engineer etymology

English word engineer comes from Latin genitus, Latin inganno (I trick, deceive.), Latin gignere, Latin ingratus (Thankless. Ungrateful. Unpleasant, disagreeable.)

Detailed word origin of engineer

Dictionary entryLanguageDefinition
genitus Latin (lat)
inganno Latin (lat) I trick, deceive.
gignere Latin (lat)
ingratus Latin (lat) Thankless. Ungrateful. Unpleasant, disagreeable.
ingenium Latin (lat) A man of genius, a genius. Disposition, temper, inclination. Innate or natural quality, natural character; nature. Intelligence, natural capacity. Talent.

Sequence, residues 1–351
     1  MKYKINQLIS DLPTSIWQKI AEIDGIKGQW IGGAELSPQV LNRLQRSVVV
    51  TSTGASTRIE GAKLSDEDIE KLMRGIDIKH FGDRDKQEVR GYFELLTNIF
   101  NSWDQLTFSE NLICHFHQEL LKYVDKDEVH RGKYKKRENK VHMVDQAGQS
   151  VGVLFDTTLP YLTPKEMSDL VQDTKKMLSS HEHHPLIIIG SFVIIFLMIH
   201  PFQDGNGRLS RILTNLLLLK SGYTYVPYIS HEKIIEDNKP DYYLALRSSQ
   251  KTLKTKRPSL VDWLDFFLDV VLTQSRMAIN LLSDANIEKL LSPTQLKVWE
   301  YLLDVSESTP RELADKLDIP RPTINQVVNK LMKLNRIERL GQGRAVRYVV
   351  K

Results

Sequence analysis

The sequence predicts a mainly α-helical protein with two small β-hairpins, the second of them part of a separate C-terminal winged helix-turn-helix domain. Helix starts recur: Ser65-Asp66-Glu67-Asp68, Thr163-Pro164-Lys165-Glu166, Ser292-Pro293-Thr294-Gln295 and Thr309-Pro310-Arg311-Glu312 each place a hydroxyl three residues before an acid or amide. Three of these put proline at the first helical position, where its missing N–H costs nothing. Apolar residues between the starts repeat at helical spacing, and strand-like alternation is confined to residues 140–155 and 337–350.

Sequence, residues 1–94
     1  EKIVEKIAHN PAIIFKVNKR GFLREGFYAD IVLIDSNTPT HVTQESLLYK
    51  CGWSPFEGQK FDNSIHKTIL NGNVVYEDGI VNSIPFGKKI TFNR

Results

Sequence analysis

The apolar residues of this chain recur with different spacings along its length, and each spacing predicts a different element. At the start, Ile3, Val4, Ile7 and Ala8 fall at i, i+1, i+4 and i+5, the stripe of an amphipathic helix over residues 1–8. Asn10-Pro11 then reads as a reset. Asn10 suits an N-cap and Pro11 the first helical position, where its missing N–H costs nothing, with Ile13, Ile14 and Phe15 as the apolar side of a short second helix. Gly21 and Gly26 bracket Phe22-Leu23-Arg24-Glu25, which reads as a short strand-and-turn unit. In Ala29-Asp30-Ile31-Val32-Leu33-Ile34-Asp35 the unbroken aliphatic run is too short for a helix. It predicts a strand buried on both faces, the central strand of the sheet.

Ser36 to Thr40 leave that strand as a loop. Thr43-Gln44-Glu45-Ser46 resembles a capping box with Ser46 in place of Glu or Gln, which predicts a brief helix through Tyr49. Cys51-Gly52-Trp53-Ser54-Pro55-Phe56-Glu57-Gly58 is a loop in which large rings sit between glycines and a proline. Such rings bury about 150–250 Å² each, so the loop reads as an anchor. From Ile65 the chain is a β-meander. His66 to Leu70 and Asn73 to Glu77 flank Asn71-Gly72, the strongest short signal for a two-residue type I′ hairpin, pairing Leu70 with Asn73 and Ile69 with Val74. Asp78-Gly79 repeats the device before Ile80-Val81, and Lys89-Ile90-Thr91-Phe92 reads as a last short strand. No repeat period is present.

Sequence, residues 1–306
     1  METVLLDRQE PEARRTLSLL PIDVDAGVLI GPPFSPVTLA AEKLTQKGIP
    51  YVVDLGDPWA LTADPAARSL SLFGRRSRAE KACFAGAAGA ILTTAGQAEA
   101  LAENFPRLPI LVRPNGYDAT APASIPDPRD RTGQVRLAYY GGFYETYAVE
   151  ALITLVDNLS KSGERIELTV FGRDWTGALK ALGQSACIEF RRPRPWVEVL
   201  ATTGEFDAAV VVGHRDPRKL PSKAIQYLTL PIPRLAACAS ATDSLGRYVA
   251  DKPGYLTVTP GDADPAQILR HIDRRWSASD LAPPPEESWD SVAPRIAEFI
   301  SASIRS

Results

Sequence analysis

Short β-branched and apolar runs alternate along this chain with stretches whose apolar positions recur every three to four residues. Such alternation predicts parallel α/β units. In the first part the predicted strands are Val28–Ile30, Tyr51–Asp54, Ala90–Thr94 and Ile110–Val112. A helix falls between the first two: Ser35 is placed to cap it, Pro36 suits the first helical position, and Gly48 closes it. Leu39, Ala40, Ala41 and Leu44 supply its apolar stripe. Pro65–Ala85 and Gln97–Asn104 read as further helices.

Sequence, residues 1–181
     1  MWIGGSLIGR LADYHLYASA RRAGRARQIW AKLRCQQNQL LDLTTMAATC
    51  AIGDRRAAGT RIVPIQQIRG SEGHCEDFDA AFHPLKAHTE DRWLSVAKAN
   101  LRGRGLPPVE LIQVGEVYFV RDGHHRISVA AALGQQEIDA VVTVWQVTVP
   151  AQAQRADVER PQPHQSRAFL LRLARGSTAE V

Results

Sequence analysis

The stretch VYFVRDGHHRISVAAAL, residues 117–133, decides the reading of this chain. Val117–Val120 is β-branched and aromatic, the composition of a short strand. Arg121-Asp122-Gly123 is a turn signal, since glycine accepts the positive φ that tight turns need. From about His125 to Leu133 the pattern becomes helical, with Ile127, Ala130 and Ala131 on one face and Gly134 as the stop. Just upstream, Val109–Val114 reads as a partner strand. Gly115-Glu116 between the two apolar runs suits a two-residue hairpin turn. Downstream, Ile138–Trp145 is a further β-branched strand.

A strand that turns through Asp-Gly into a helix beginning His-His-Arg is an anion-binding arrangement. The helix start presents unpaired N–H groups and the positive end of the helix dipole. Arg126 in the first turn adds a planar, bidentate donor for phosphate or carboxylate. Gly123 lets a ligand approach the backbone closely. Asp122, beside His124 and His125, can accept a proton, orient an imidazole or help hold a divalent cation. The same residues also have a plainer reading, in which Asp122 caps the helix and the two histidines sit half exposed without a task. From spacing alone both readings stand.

engin Old French (842-ca. 1400) (fro) Intelligence. Invention; ingenuity; creativity. Machine; device; contraption. Ruse; trickery; deception.
ingeniarius Malayalam (mal)
engignier Old French (842-ca. 1400) (fro) To create; to make. To trick; to deceive.
engineour Middle English (1100-1500) (enm)
engineer English (eng) (transitive) To alter or construct something by means of genetic engineering.. (transitive) To control motion of substance; to change motion.. (transitive) To design, construct or manage something as an engineer.. (transitive) To plan or achieve some goal by contrivance or guile; to wangle or finagle. (Philippines) A title given to an engineer.. (chiefly, American) A person who controls [...]

Words with the same origin as engineer

Descendants of inganno
Descendants of gignere
engine gain gen genuine gig gin ingenious